How to actually remove pesticides from your fruit

Assuming that you should be worried about them in the first place.

There’s a lot to worry about when it comes to food—or rather, there’s a lot that people want you to worry about. Every mommy blogger and natural living life coach with a URL to their name is bursting with helpful tips on how to rid yourself of toxins and chemicals. If you google “how to get pesticides off fruit” you’re greeted by a flurry of blogs all promising the solution.

It’s not unreasonable to want to consume fewer of the chemicals we use to kill off bugs and weeds. You should just make sure that what you’re doing is actually effective. Plenty of people wash their chicken before cooking it, even though that method does nothing to kill bacteria, and in fact spreads potentially dangerous pathogens all over your kitchen sink and such. So let’s look at the evidence:

Store-bought veggie washes don’t work, but baking soda does

Water can remove some of the pesticides from a piece of fruit, so a basic scrub under the tap will help at least a little. The extent to which this rather lackadaisical method works will depends on the fruit itself; some skins will more readily release the pesticides contained therein. Others, like apples treated with wax for extra shine, will retain them despite your scrubbing. But water’s occasional ineffectiveness doesn’t mean you should waste money on store-bought veggie washes—they don’t seem to work, either. And even if it worked (which it’s not clear that it does), regular soap is liable to seep into the surface.

A recent study in the Journal of Agricultural and Food Chemistry found one better alternative: baking soda. A solution of sodium bicarbonate and water can remove even more pesticides than water alone, provided you have more than a minute to spare. In the experiments, Gala apples that were allowed to soak in baking soda for eight minutes had significantly reduced pesticide residue on the surface, and at 12-15 minutes there were virtually no pesticides left. This is because sodium bicarbonate can help degrade the two types of pesticides used in this study, thiabendazole and phosmet. Other chemicals might not react the same way, so this solution isn’t a guarantee of a pesticide-free snack. It’s just a lot better than the alternatives.

Even after the long soak time, though, there were some pesticides that the baking soda couldn’t get to. Thiabendazole and phosmet, like many other substances, seep into the skin and flesh of the produce they’re applied to. There’s an upper limit to the amount that the fruit can absorb, since the added chemicals will come to an equilibrium inside the cells, but none of it will come out in the wash.

Buying organic can help, though not much

If you’re hoping to avoid pesticides altogether, you’ll have to look beyond the organic aisle. Produce grown under organic conditions can still have pesticides, it’s just a different—and supposedly less toxic—set of them. But they’re still chemicals that can seep into your fruit through the skin or even leech into the flesh itself via the plant’s water supply, both of which prevent you from washing them away.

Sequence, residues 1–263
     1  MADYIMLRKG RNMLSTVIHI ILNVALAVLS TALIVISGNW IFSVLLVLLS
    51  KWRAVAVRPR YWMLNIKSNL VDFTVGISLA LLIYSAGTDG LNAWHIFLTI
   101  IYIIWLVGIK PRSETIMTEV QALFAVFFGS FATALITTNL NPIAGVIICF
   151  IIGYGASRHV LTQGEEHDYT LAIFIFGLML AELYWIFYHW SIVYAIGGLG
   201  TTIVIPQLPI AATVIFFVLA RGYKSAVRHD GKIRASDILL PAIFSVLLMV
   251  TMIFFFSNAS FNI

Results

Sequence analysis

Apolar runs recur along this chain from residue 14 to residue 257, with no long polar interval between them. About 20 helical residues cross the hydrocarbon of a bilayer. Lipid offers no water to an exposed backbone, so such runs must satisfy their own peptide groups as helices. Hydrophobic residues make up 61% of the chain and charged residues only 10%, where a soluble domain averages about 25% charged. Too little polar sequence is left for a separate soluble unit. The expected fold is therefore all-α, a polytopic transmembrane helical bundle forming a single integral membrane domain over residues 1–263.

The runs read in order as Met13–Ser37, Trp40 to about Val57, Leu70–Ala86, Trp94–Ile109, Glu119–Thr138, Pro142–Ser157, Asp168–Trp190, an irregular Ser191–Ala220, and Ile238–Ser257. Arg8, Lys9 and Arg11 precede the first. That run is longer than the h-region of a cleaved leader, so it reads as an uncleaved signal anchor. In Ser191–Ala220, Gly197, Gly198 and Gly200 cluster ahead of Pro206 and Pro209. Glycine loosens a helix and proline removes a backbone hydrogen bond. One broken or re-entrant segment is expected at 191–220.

The most common piece of advice here is to avoid those fruits that pose more of a pesticide risk, often known as the “Dirty Dozen.” An environmental group called the Environmental Working Group has claimed that switching to the organic versions of those 12 fruits and veggies could substantially improve your health. It’s true that organic versions will generally contain fewer and less harmful chemicals, and there’s certainly no harm in eating organic, but it’s worth noting that EWG’s methodology is far from scientific. Their analysis relied on unproven theories about how pesticides might interact with one another, and thus has skewed results. A rebuttal in the Journal of Toxicology found that EWG didn’t even attempt to estimate pesticide exposure in the first place, and that “substitution of organic forms of the twelve commodities for conventional forms does not result in any appreciable reduction of consumer risks.”

In other words: science does not back up the Dirty Dozen advice. But it’s your money; you can eat organic if you want to.

It’s not clear how worried you should be about those pesticides in the first place

That same Journal of Toxicology analysis also found that the levels of pesticides detected in the so-called Dirty Dozen all fell below the acceptable limit set by the Environmental Protection Agency. And we’re not talking just slightly below the limit. The allowable dose for methamidophos on bell peppers was 49.5 times higher than the actual amount of pesticide, and that was the fruit with the highest exposure. Many of them came 1,000-or 30,000-fold under the legal limit. It is worth noting that legal limits aren’t infallible. Human exposures and their bodily impacts are difficult to study (and oft under-studied), and too often we don’t know exactly how a particular pesticide might affect us. If the EPA bases their acceptable limit on faulty science, it may overestimate how much exposure we can tolerate. And that’s assuming that the EPA is even doing their job properly in the first place.

If you’re still not sure—maybe you don’t trust the EPA, or you think pesticides haven’t been studied well enough (both perfectly fair points)—try going to your local farmer’s market. There, you can talk to the growers and discuss which pesticides they use. Of course, there seems to be an ever-growing trend of farmer’s markets filling up with folks simply reselling wholesale produce. So you might want to do an extra baking soda wash just to be sure.